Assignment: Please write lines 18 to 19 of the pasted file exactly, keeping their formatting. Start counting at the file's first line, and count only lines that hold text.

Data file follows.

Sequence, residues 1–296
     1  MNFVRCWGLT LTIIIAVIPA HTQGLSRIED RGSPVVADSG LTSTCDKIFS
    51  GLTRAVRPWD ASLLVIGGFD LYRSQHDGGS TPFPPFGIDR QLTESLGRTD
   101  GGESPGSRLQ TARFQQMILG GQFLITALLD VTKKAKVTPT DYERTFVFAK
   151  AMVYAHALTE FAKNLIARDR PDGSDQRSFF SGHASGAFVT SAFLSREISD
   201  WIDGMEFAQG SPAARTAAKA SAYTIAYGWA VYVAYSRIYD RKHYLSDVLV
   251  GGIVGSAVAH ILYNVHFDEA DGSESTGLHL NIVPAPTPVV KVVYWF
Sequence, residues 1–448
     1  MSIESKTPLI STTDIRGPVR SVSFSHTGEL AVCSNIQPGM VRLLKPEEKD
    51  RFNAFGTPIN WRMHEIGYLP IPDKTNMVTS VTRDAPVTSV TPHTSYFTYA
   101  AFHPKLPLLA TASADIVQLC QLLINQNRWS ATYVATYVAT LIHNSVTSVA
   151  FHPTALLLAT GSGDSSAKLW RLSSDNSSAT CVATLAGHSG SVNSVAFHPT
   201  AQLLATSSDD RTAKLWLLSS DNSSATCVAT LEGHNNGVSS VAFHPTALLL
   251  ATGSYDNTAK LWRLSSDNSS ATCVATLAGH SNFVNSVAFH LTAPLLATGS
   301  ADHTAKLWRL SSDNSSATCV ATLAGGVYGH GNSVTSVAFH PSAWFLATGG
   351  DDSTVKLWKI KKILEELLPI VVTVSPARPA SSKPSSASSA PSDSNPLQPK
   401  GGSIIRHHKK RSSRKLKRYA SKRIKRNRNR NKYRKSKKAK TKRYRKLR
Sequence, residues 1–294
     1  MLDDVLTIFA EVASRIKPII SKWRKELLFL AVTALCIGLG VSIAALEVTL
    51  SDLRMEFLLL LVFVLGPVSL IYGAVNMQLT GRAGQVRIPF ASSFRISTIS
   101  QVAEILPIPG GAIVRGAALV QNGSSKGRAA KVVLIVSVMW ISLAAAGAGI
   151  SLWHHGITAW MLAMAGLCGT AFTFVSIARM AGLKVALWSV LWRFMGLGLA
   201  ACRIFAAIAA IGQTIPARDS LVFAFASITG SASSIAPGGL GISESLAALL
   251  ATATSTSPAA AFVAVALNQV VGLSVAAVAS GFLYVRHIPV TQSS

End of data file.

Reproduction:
Sequence, residues 1–294
     1  MLDDVLTIFA EVASRIKPII SKWRKELLFL AVTALCIGLG VSIAALEVTL